While traveling through Bolivia and Chile by bus, train, and plane, I met a couple people seeing South America by bicycle. It's not the first time I've seen this. When Kristin, Eileen, and I were visiting Iquaçu falls, in Brazil, we met a Kiwi couple who had bicycled from Alaska. As if this weren't impressive enough, they had enjoyed riding down the west coast of the States so much, that they'd flown back to Canada and rode to Mexico a second time down the Rockies. Their dog had also been riding in a trailer with them for much of trip, until it died of old age in Central America. A couple weeks later, the same couple rode into the campground we were staying at in the Brazilian coastal town of Paraty, 830 miles away from where we'd met them.
In Bolivia, I met an even more extreme cyclist. At the beginning of my desert tour with the Polish kids, we drove out onto the salt flats, where the locals were harvesting salt. While we were taking pictures, this guy rode up, wondering which way on the seemingly infinite white plain the salt hotel was located.
He introduced himself as Dean from Slovenia. He too had ridden from Alaska, but not just from Anchorage, or even Fairbanks. He'd ridden from Barrow, the northern-most point in Alaska! There aren't even any towns further north in Canada. He'd tried to cross the roadless Darien Gap in Panama to get to South America, but four days into the jungle, was turned back by the Army. He had to take a boat to Cartagena, but also took a side-trip to ride around Cuba.
It was only a few days later, talking to another traveler who'd had a more extensive conversation with him, that I learned the full extent of his adventure. Eighteen months earlier, he'd started riding a zig-zagging tour all over Europe, starting at home in Slovenia, and had been riding ever since. To get to Alaska, he'd ridden from Europe, all the way across Siberia. I guess he plans to fly to Australia and return home via Southeast Asia and Africa.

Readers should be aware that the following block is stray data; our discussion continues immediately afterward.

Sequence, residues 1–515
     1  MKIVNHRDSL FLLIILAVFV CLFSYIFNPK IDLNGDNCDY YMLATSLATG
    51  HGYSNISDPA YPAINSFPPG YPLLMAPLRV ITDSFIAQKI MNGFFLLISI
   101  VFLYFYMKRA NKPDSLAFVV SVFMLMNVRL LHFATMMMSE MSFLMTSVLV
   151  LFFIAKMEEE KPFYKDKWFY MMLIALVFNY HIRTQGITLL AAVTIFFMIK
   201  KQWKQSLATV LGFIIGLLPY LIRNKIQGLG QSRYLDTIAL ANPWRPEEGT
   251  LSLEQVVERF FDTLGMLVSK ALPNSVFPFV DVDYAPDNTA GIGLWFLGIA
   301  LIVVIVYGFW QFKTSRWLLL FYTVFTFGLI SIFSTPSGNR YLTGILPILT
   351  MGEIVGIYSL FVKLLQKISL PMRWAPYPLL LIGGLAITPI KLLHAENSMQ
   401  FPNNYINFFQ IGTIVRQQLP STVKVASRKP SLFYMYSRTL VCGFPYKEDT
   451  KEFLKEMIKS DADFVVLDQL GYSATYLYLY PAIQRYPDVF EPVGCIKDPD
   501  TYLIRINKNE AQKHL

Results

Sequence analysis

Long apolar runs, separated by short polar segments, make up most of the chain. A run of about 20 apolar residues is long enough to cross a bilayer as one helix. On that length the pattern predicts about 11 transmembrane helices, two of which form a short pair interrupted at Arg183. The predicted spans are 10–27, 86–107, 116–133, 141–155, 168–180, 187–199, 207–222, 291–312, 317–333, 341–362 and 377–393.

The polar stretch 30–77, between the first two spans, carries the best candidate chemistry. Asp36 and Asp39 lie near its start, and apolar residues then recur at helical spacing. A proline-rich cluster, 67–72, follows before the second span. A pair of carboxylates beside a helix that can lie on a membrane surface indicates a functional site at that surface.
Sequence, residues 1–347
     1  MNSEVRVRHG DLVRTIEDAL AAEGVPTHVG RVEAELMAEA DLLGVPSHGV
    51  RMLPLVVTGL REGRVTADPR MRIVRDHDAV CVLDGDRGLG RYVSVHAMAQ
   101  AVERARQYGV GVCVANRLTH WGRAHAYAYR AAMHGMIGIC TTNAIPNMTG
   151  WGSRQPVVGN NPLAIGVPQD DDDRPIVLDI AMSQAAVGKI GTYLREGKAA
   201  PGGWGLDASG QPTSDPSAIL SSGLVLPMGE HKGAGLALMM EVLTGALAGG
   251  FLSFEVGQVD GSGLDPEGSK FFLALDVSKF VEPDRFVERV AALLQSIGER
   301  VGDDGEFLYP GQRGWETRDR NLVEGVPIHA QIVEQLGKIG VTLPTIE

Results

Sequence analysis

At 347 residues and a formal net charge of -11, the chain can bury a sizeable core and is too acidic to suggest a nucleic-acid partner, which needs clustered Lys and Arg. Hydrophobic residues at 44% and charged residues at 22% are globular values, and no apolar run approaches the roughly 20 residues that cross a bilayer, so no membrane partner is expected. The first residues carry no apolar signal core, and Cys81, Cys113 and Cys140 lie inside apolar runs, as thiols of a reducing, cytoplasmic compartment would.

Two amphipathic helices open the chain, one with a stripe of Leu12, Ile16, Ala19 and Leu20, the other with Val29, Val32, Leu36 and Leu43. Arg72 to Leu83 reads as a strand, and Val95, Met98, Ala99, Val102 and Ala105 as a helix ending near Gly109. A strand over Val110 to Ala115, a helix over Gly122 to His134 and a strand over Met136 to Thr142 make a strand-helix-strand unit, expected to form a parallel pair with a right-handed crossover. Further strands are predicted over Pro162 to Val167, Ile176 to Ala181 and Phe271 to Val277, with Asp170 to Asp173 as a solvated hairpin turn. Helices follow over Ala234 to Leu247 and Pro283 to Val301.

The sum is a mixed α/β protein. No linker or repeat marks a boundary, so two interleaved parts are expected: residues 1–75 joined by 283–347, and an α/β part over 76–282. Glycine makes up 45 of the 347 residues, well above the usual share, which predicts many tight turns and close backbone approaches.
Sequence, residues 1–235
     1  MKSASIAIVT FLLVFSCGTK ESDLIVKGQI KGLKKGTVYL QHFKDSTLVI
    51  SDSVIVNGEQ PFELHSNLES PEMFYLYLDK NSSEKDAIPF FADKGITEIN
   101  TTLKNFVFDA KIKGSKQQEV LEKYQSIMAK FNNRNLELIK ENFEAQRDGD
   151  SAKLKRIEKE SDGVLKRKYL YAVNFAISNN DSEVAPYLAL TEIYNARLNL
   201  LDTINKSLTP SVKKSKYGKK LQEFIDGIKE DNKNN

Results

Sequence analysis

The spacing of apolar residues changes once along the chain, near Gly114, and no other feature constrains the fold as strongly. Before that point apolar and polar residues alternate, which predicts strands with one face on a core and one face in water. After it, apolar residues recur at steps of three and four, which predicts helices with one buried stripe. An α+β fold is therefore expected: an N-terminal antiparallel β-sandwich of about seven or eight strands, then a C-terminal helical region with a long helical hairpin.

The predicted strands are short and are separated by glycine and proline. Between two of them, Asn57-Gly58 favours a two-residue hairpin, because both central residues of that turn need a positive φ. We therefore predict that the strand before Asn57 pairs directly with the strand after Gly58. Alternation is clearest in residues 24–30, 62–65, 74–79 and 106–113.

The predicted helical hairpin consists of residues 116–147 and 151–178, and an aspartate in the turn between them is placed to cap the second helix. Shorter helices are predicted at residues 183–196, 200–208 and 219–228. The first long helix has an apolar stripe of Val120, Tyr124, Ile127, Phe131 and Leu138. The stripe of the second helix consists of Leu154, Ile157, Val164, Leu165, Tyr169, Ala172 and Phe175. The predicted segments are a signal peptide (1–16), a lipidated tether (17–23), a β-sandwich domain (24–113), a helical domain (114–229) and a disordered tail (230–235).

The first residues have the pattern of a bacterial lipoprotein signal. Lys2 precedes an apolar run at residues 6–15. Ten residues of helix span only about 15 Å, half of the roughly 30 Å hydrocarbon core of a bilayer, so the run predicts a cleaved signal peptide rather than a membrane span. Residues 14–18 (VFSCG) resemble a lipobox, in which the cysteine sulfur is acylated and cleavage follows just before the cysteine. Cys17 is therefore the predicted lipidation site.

This guy had been a cyclist basically his whole life. In some ways I was more impressed by the Japanese kid I met in San Pedro de Atacama, Chile. Yokito had only ridden from Quito, but had crossed the unbelievably inhospitable Bolivian desert that had taken me four days to cross in a 4WD SUV. He was getting ready to cross the Atacama, the driest desert on Earth--where no rain fell between 1570 and 1971, where some river beds have been dry for 120,000 years--to get to Santiago.
What was astonishing was that before this trip, he had no real experience cycling. He said the longest he'd ever ridden in Japan was 10km. His family knew he was in South America, but he hadn't told them he was touring on bicycle, afraid it would freak them out. He'd bought a cheap used Trek mountain bike in Ecuador and had rigged racks over both wheels to hang backpacks from, no special fancy biking gear. Once he got to Santiago, he planned to fly to Buenos Aires and head up the Atlantic coast into Brazil. While Dean's feat seemed super-human, Yokito's journey was much more inspiring. If he could make it 1700 miles through the Andes with nothing more than a crazy idea for preparation, what could I do? I used to think riding across the US would be cool, but probably too difficult. But maybe not. Perhaps that's my next adventure.